Last week I had one of “those conversations” with a prospect, one who was convinced that if I just told him the “best practices” being followed elsewhere that he, and his company, would be well off.
It’s a chimera, “best practices”.
First, there’s only one realm in which the concept even makes sense, and that’s routine, simple, highly-ordered work.
Work that is complicated, complex, chaotic, even simple but organized as a barely repeatable process, does not lend itself to the body-slam that imposing a “best practice” is.
Implementing software that forces these practices, by the way, is equally ineffective.
Second, the notion that someone else’s practice is “good enough for you” fails to take into account your organization.
You don’t have their market share, their geography, their supply chain partners, their customers … and you certainly don’t have their people.
In other words, there’s a “secret sauce” to success, and it’s found in dealing with what makes you unique.
A wag once noted that, even at the height of the Cold War, the Western World probably had, at most, three real secrets. Everything else was readily accessible, deducible, or easy to spy out. In other words, the number of things that are really secret (and thereby worth something) are limited.
Coca-Cola, of course, has its famous “secret”: the formula for its drinks. This certainly qualifies as a “Cold War” secret (ask anyone from Pepsi or Royal Crown what it’s like to compete against Coke) and is held as such. There is, in other words, no best practice here — there is “how we do things” and its correlative statement “and who gives a damn how others would have done this”.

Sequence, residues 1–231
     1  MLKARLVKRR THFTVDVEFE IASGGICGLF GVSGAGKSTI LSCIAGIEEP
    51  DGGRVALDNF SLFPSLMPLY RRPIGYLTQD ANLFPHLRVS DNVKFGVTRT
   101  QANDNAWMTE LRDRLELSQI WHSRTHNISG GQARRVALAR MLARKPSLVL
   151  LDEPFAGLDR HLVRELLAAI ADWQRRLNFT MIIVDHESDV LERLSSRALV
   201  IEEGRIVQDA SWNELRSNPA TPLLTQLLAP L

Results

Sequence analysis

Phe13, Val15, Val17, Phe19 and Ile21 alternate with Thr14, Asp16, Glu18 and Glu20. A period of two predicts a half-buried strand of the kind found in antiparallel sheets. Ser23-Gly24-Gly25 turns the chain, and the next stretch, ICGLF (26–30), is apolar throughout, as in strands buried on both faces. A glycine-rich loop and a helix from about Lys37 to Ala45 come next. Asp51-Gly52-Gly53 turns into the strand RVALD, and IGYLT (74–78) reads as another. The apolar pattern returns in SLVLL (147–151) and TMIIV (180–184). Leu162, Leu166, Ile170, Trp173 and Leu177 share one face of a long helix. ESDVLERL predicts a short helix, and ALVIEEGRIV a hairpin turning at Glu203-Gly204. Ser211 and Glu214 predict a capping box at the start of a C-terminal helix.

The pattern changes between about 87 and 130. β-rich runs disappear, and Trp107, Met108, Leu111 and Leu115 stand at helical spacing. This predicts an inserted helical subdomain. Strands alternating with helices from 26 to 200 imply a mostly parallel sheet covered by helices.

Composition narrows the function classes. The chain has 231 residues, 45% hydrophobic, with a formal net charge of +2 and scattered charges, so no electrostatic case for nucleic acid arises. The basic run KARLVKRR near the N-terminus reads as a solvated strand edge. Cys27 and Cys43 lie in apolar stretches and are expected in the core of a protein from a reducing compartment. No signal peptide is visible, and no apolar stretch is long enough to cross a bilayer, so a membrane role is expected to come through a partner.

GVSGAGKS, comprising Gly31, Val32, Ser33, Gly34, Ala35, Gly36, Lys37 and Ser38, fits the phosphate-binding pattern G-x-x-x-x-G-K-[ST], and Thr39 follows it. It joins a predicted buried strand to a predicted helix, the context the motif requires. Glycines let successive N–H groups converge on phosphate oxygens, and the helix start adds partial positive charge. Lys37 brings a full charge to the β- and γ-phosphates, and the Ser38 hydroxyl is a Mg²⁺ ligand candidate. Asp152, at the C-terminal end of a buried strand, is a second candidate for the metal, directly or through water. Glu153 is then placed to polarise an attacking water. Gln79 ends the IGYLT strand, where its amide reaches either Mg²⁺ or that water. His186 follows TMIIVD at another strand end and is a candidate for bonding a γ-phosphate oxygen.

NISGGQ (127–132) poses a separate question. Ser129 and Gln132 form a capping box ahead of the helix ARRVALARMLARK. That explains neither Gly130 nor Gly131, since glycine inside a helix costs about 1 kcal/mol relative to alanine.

So why does company after company twist itself into contortions to try and adopt someone else’s “best practice”. In short, it’s a lack of courage.
Knowing what others are doing — and studying the practices used in other industries — has value.
What doesn’t have value is the assumption that “until someone (preferably several others) demonstrates the path we should take no action on our own”.
Indeed, the successful firms in every situation are those that, at the end of the day, can decide for themselves. In other words, they are able to pioneer a future, rather than wait for someone else to demonstrate that “this is the way”.
I’ll say it again: every organization is different. What worked for company ABC may well flop at DEF: the culture, organizational model, expectations, etc. are different.
So called “best practices” must, therefore, be adapted to fit your organization (which is unique) before there can be any hope of success. “Should we change — should the practice change”: these are not idle questions.
Moreover, as a retailer noted back in 1990, when faced with the entry of WalMart into their market, it wasn’t enough to try and copy WalMart so that their margins would be about the same as WalMart’s: that stopped erosion, at best.
New practices and business models would be required to push the challenge back onto WalMart.
Best practice thinking would have, at best, copied WalMart: the gap that had opened would not have been closed (even if the new approaches would have closed off the erosion) and could never have taken the competitive challenge to the giant, or any other firm, for that matter.
Nothing more than stopping losses can come from “best practices”. That is why you must instead turn to what makes your organization unique, work with that, and innovate from it.
That is why you want a flexible, networked, component-driven IT base — one that lets you experiment, shift, adapt.
Competitively, nothing less will do.